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The Effect of Sound Stimulation on Pure-tone Hearing Threshold

The safety and scientific validity of this study is the responsibility of the study sponsor and investigators. Listing a study does not mean it has been evaluated by the U.S. Federal Government. Read our disclaimer for details. Identifier: NCT01184248
Recruitment Status : Completed
First Posted : August 18, 2010
Last Update Posted : September 8, 2011
Information provided by (Responsible Party):
Earlogic Korea, Inc.

Brief Summary:

The purpose of this study is to investigate if sound stimulation could improve pure-tone hearing threshold.

In the late 1990s, researchers discovered that acoustic stimuli slow progressive sensorineural hearing loss and exposure to a moderately augmented acoustic environment can delay the loss of auditory function. In addition, prolonged exposure to an augmented acoustic environment could improve age-related auditory changes. These ameliorative effects were shown in several types of mouse strains, as long as the acoustic environment was provided prior to the occurrence of severe hearing loss.

In addition to delaying progressive hearing loss, acoustic stimuli could also protect hearing ability against damage by traumatic noise. In particular, a method called forward sound conditioning (i.e., prior exposure to moderate levels of sound) has been shown to reduce noise-induced hearing impairment in a number of mammalian species, including humans.

Interestingly, recent report has suggested that low-level sound conditioning also reduces free radical-induced damage to hair cells, increases antioxidant enzyme activity, and reduces Cox-2 expression in cochlea, and can enhance cochlear sensitivity. Specifically, increased cochlear sensitivity was observed when distortion product otoacoustic emissions (DPOAEs) and compound action potentials (CAPs) were measured.

In addition to forward sound conditioning, backward sound conditioning (i.e., the use of acoustic stimuli after exposure to a traumatic noise) has been shown to protect hearing ability against acoustic trauma and to prevent the cortical map reorganization induced by traumatic noise.

Based on the results of animal studies, the investigators conducted a human study in 2007 and observed that sound stimulation could improve hearing ability. On average, the pure-tone hearing threshold decreased by 8.91 dB after sound stimulation for 2 weeks. In that study, however, the investigators observed only the hearing threshold changes by sound stimulation.

To verify the previous ameliorative effect of sound stimulation, the investigators included a control period in this study.

Condition or disease Intervention/treatment Phase
Sensorineural Hearing Loss Behavioral: Sound stimulation Not Applicable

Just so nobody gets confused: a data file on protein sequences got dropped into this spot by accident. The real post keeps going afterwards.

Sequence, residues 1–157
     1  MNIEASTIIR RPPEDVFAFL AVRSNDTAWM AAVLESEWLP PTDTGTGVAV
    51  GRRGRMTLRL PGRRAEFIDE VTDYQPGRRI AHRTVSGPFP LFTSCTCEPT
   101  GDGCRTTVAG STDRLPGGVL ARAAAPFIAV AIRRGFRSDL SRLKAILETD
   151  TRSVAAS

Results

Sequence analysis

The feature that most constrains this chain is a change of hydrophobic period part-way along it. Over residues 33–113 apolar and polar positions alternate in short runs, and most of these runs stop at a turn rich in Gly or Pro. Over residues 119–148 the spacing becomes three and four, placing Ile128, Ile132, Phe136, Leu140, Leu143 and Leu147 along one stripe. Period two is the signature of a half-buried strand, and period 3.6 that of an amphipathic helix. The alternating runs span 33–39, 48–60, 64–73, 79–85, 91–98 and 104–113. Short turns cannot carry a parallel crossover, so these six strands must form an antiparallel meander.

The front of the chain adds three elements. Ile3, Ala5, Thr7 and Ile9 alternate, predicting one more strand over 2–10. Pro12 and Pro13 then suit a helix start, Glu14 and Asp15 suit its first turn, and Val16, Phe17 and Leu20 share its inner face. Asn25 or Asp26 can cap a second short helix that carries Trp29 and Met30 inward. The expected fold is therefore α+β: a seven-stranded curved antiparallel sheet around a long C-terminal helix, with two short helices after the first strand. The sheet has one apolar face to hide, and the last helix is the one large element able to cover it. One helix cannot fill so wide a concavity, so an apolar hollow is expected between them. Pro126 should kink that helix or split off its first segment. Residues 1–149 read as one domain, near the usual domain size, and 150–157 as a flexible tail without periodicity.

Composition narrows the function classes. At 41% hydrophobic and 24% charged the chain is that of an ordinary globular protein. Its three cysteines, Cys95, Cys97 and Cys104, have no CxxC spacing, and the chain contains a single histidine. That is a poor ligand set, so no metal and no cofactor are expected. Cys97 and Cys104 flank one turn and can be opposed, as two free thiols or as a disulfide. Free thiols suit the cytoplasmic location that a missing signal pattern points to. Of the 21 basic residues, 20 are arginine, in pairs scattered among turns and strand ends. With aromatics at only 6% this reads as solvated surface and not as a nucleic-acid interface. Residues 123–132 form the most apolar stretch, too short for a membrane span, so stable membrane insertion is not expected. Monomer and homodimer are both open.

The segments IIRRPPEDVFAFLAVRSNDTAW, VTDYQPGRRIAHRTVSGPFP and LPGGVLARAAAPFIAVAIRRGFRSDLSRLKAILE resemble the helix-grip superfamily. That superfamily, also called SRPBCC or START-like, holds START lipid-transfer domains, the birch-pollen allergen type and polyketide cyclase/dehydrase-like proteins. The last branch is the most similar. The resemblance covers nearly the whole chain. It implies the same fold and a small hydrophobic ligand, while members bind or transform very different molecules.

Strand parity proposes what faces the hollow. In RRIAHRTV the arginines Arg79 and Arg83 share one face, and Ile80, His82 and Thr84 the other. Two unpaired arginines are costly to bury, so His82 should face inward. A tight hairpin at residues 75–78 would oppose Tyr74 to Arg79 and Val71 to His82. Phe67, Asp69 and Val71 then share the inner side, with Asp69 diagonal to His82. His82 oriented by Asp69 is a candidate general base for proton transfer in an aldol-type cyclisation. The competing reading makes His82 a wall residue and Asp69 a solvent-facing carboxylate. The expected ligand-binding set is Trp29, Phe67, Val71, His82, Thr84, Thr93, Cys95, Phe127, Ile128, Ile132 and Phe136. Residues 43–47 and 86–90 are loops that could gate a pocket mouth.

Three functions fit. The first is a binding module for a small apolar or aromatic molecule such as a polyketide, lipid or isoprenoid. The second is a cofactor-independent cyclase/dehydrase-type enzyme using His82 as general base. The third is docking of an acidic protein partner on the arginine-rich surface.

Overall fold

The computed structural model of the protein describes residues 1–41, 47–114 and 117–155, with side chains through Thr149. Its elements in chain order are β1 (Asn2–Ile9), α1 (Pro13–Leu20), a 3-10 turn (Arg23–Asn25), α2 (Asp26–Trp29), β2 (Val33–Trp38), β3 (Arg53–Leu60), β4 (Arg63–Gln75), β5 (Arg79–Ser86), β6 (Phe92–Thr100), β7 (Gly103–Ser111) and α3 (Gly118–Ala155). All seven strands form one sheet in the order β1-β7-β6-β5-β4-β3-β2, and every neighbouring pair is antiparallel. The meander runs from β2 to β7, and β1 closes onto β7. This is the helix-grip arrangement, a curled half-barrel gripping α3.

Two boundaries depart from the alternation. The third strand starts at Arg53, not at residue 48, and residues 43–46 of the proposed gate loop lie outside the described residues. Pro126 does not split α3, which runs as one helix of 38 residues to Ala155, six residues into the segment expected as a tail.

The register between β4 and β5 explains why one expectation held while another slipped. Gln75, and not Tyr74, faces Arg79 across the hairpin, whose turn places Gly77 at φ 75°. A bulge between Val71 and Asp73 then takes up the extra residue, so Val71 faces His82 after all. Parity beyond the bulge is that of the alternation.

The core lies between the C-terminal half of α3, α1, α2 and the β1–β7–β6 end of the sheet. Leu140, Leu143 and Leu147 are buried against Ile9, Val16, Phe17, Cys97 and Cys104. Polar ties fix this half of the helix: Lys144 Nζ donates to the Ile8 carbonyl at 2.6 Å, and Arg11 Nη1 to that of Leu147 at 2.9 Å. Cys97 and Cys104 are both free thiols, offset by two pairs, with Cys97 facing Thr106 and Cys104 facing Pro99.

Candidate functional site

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Study Type : Interventional  (Clinical Trial)
Estimated Enrollment : 30 participants
Allocation: Non-Randomized
Intervention Model: Single Group Assignment
Masking: None (Open Label)
Primary Purpose: Treatment
Official Title: The Effect of Sound Stimulation on Pure-tone Hearing Threshold
Study Start Date : May 2010
Actual Primary Completion Date : December 2010
Actual Study Completion Date : January 2011

Resource links provided by the National Library of Medicine

Intervention Details:
  • Behavioral: Sound stimulation
    Listening to sound stimuli at the lowest audible level.

Primary Outcome Measures :
  1. Changes of pure-tone hearing thresholds after sound stimulation [ Time Frame: 4-6 weeks ]

Information from the National Library of Medicine

Choosing to participate in a study is an important personal decision. Talk with your doctor and family members or friends about deciding to join a study. To learn more about this study, you or your doctor may contact the study research staff using the contacts provided below. For general information, Learn About Clinical Studies.

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Ages Eligible for Study:   18 Years to 70 Years   (Adult, Older Adult)
Sexes Eligible for Study:   All
Accepts Healthy Volunteers:   No

Inclusion Criteria:

  • You are a male or female aged between 18 and 70 years
  • You have 25~70 dB HL hearing loss at any frequency above 1.5 kHz
  • You are able to use an mp3 player
  • You are able to read English

Exclusion Criteria:

  • Under the medications that could cause hearing loss (such as gentamicin, aspirin, ibuprofen, or acetaminophen)
  • Chronic disease that could affect hearing (such as diabetes or high blood pressure)
  • Temporal hearing loss
  • Hearing loss more than 75 dB HL at any frequency
  • Ear infections, chronic middle ear disease or any abnormality of the ear canal or ear drum
  • Hearing aid user
  • Pregnant females

Information from the National Library of Medicine

To learn more about this study, you or your doctor may contact the study research staff using the contact information provided by the sponsor.

Please refer to this study by its identifier (NCT number): NCT01184248

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United States, California
Earlogic Corporation
Los Angeles, California, United States, 90005
Sponsors and Collaborators
Earlogic Korea, Inc.
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Principal Investigator: Eunyee Kwak, Ph.D. Earlogic Auditory Research Institute
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Responsible Party: Earlogic Korea, Inc. Identifier: NCT01184248    
Other Study ID Numbers: IEK14152010
First Posted: August 18, 2010    Key Record Dates
Last Update Posted: September 8, 2011
Last Verified: September 2011
Additional relevant MeSH terms:
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Hearing Loss
Hearing Loss, Sensorineural
Hearing Disorders
Ear Diseases
Otorhinolaryngologic Diseases
Sensation Disorders
Neurologic Manifestations
Nervous System Diseases